An increasing number of climate change related lawsuits have been filed in the last three years. Climate change related lawsuits implicating corporate conduct have generally fallen into one of two categories: (1) lawsuits against governmental entities seeking to compel those entities to promulgate and enforce regulations requiring companies to reduce emissions; and (2) lawsuits against companies alleging that their emissions caused or contributed to climate change.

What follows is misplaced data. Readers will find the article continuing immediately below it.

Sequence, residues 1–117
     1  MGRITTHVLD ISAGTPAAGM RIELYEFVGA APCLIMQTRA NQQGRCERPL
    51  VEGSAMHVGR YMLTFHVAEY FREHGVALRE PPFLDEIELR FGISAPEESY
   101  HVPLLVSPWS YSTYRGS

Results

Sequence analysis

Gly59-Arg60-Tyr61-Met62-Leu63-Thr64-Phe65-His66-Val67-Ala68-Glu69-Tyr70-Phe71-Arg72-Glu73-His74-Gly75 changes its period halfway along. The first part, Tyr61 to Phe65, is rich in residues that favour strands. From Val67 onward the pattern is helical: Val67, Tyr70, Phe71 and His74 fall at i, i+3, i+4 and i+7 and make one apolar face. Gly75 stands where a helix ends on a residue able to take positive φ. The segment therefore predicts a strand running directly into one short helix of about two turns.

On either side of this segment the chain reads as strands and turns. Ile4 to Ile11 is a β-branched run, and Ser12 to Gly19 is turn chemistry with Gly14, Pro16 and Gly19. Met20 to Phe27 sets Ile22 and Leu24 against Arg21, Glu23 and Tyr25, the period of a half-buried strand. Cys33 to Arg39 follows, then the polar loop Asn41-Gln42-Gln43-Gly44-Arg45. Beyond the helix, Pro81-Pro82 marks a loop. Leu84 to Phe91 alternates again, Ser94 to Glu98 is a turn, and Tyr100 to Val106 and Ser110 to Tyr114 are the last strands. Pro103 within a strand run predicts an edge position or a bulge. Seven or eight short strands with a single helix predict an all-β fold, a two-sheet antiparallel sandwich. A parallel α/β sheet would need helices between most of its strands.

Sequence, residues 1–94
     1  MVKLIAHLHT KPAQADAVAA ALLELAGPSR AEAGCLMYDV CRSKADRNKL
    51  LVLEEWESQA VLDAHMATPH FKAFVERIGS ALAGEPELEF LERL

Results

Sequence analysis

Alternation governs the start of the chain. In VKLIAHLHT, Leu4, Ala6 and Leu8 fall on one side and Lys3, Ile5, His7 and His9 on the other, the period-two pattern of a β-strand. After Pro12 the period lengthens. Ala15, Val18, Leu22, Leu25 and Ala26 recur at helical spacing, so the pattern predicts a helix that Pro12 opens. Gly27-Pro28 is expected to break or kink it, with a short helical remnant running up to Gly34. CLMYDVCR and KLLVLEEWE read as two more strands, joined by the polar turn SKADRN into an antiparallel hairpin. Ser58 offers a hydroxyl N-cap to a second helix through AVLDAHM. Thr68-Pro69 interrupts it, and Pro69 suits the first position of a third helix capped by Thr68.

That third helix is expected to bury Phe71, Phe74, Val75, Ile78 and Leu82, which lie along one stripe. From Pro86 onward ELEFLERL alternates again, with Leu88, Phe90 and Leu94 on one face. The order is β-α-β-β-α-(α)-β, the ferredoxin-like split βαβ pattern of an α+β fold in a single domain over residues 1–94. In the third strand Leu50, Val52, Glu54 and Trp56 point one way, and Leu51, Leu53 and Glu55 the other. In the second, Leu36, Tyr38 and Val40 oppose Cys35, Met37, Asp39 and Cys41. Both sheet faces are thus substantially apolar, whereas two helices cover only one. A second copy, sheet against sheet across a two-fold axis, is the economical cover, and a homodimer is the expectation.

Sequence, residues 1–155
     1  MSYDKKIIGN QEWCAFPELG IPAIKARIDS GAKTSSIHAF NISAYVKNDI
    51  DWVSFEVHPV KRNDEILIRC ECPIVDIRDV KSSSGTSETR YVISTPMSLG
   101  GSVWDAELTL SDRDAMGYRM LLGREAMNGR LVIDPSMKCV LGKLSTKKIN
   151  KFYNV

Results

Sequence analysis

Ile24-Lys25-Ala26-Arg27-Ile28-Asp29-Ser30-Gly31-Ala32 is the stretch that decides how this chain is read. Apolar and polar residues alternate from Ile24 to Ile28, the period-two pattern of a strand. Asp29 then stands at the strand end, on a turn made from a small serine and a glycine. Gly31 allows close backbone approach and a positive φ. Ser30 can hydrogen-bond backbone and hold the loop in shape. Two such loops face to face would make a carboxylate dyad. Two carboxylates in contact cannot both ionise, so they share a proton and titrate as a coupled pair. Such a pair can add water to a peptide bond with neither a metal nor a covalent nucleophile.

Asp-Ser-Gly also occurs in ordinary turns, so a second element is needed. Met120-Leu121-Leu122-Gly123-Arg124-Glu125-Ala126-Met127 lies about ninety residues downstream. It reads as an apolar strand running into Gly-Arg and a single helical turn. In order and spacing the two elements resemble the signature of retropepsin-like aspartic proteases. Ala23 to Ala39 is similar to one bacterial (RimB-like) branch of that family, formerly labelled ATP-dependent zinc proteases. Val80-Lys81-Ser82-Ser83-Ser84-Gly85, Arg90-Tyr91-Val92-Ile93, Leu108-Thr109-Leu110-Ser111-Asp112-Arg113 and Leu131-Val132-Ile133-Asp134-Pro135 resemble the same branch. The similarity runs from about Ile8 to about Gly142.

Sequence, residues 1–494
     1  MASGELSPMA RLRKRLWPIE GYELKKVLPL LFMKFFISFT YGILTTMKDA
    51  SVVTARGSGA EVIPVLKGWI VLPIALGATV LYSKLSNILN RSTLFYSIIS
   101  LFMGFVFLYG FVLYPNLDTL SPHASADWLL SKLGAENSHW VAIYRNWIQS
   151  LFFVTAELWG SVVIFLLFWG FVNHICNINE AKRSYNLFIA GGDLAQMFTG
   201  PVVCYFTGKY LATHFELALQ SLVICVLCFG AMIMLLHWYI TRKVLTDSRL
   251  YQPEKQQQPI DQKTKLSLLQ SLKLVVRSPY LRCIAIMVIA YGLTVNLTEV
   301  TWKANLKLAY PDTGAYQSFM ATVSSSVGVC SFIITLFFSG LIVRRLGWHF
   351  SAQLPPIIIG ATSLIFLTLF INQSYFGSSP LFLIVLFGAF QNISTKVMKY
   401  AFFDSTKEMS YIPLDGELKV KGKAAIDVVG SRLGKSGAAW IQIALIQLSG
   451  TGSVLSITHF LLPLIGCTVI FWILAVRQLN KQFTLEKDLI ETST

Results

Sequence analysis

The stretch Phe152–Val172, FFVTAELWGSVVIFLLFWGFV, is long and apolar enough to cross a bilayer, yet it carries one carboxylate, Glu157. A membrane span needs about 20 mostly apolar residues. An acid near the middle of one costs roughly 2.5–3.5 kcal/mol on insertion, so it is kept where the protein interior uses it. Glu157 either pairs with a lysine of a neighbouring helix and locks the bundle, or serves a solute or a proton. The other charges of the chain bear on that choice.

The landmark case against a governmental entity is Massachusetts, et al. v. Environmental Protection Agency, et al., 549 U.S. 497 (2007). In the Massachusetts case, several states and private organizations challenged the EPA’s denial of the plaintiffs’ petition for the EPA to regulate emissions from new cars pursuant to the EPA’s alleged duty to promulgate emission standards for “any air pollutant” under the Clean Air Act. The EPA had denied the plaintiffs’ petition based on the conclusion that the Clean Air Act did not confer the EPA with the power to issue mandatory regulations to address climate change and that in any event it would have chosen not to do so. In rejecting the EPA’s position, the Supreme Court made its first ruling on climate change issues and held that greenhouse gas emissions from cars (including carbon dioxide) constituted an air pollutant under the terms of the Clean Air Act, and that the EPA had failed to support its refusal to decide whether the emissions contributed to climate change and endangered public health and welfare. In addition, the Court found that state entity plaintiffs had standing to bring the lawsuit in so far as they were able to demonstrate injury, causation, and the existence of a remedy. In December 2009, in response to the Supreme Court’s ruling, the EPA issued a finding that greenhouse gas emissions “in the atmosphere threaten the public health and welfare of current and future generations.”